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Welcome to my blog. I hope to share information and ideas that you will find informative, valuable and entertaining. If you would like information on something specific ( or you just have a question) be sure to e-mail me at (wallstoo@comcast.net), you can also visit my website at www.wallstoowindows.com Otherwise, sit back and enjoy!!!!

Friday, April 1, 2011

Newsletter, "Do you know? Lighting Tips

Interior Design--Get It Right The First Time

By appt.  360-687-5076 | www.wallstoowindows.com
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Walls too Windows, Interior Design

Do you know?

The Recipe for the "Best Kitchen Lighting"


The Kitchen has morphed into a multi-tasking room that serves many  functions and life styles. For that reason it is more important than ever to incorporate flexible and appropriate lighting options that fit it's many needs.  So what is the best way to ensure the kitchen is adequatley lit?

It's all about layering and the "Power of Three".  Use a minimum of three types of lighting:
  • A central fixture or fixtures
  • Recessed
  • Undercabinet (task lighting) 
 For dramatic results put each on different switches or dimmers. Having only one of these components creates a static and sometimes "one dimensional" effect.   You need a combination of recessed cans, undercabinet task lighting, toe kick or covelighting, with the additional element  of decorative pendants over an island area and/or a decorative shading over  the breakfast nook.

Placement  of the proper lighting is also paramount.  By placing your undercabinet lighting at the front of the undercabinet instead of against the wall, the light will be distrubuted evenly over the area below.  You can even use diffusers to eliminate the reflection of undercabinet lighting, often seen in glossy countertops.

The ALA (American Lighting Assoc.) also  recommends installing recessed fixtures 30 inches from the wall to illuminate the countertop without casting shadows.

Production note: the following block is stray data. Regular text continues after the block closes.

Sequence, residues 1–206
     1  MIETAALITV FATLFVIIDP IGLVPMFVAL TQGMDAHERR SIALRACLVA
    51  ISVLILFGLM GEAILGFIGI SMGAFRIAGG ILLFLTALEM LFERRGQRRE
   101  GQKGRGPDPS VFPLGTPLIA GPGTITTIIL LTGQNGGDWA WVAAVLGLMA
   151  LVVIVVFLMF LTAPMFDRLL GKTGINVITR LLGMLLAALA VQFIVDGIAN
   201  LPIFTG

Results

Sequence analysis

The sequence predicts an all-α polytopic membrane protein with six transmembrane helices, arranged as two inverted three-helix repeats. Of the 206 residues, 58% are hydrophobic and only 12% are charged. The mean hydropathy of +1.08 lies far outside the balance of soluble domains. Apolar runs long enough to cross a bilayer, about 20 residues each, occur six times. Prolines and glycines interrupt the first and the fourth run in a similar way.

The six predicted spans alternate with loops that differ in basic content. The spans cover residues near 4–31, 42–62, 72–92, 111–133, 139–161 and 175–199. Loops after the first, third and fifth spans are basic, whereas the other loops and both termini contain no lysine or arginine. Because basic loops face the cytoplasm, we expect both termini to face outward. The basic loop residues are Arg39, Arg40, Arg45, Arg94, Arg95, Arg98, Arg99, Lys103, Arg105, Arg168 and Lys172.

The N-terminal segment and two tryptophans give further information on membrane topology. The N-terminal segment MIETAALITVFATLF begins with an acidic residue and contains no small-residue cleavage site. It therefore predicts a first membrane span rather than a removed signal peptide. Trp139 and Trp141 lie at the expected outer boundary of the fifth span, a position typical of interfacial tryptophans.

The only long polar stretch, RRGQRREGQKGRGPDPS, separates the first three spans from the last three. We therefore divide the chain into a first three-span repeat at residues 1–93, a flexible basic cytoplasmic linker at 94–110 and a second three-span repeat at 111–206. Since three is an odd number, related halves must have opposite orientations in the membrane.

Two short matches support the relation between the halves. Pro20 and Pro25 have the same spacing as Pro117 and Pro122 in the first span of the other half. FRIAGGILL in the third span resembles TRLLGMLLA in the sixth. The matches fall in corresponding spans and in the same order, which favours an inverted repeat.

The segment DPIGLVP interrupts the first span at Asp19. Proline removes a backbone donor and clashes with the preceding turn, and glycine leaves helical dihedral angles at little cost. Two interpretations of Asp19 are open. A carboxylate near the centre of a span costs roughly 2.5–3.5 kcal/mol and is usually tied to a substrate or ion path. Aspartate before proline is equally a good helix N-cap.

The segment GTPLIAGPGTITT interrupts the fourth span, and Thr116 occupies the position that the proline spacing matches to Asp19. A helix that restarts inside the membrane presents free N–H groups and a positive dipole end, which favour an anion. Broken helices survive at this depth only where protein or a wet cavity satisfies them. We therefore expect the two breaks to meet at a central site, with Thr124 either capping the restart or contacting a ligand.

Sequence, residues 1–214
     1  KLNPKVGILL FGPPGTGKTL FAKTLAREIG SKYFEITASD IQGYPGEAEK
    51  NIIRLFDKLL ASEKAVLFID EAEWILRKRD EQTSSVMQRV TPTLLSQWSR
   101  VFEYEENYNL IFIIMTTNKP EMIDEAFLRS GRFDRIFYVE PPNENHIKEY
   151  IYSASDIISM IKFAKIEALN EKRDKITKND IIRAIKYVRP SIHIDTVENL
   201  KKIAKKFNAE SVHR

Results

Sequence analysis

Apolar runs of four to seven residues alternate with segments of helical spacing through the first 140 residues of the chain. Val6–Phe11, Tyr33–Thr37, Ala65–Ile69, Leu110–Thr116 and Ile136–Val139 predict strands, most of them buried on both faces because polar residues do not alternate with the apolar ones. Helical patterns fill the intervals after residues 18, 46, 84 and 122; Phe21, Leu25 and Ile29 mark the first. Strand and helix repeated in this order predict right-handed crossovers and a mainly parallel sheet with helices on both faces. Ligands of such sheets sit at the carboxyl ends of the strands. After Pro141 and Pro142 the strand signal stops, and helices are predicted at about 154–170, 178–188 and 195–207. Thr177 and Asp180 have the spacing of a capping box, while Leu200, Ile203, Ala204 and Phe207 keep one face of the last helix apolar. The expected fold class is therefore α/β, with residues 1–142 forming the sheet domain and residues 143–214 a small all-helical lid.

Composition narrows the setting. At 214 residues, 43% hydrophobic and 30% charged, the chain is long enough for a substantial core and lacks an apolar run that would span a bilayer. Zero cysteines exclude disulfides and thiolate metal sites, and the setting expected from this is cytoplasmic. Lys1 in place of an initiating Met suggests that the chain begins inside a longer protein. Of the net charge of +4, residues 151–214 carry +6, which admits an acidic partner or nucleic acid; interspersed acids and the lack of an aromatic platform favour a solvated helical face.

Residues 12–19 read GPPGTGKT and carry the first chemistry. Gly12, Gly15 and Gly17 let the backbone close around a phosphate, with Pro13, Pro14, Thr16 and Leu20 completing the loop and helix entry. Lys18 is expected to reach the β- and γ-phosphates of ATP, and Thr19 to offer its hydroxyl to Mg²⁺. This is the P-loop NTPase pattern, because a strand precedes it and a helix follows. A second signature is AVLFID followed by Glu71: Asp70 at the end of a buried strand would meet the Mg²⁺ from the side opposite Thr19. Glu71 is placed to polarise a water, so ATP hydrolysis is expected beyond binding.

Indeed, many of todays popular kitchen materials can create unique lighting challenges. However, a well thought out lighting system can prove to be a very valuable asset for many years.


Do you know?

The two most common mistakes homeowners make when installing pendant lighting in the kitchen.
  1. Not placing them at the proper height.
  2. Not installing enough.
Height --  Each pendant should be mounted so that the bottom of the shade is approximately 66 inches above the floor.  At that height, it is possible to look across the room, below the pendants, and still create a dramatic focal point.

If the shades are not very deep and there is seating at the kitchen island or peninsula, install the pendants a few inches lower, say about 60 inches.

Quantity-- Place one pendant for every two feet of counter space.  For example, a six-foot island requires three pendants, one in the center with another 20 inches on each side.  Usually, an odd number of pendants over a counter or island creates a better visual balance.

Size also matters when determining spacing and the  amount of pendants.  Thin, narrow pendants might look better with the addition of one or two extra fixtures.


April Special Deals

$50.00 off in-home Color/Design Consultations
by. appt 360-687-5076







Do you know?

How to choose the right size chandelier for your room?

If mounting the chandelier above a dining room table, the diameter of the chandelier is based upon the width  of the table itself.

This is calculated by subtracting 12 inches from the total width of the table.  In addition, for 9 ft. ceilings, the chandelier should be mounted roughly 30-33 inches from the top of the  dining room table.  For taller ceilings, add 3 inches for every one foot increase in ceiling height.  So for a 12 foot ceiling, the chandelier should be 39-42 inches above the dining room table.

When the chandelier is not being used in a dining room, the size is determined by the room dimensions.  There are two basic ways to calculate the diameter of a chandelier using room dimensions. 

  1. The diameter is calculated by multiplying 2 inches by the total width of the room in feet.  Thus a width of 12 feet would require a chandelier with a diameter of 24 inches.
  2. The other method is to add the dimensions of the room together and convert into inches.  In other words a  10 ft x 12 ft. room would have a chandelier with a diamter of 22 inches.
These are both good "rule of thumb" calculations, but some judgment will be necessary. It is usually best to err on the small side when you have more elaborate and traditional chandeliers and bit on the larger side with more modern and contempory designs.

Hope this helps.
Patti Marvitz
Walls too Windows, Interior Design



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2 comments:

  1. Looks good but it is not really practical for a busy family. Kitchen countertops chip and break. Also grout lines tend to look bad after a while unless you plan on cleaning it really good every day.You can't just wipe the counters down you have to scrub the grout lines with a brush often to keep it looking good.

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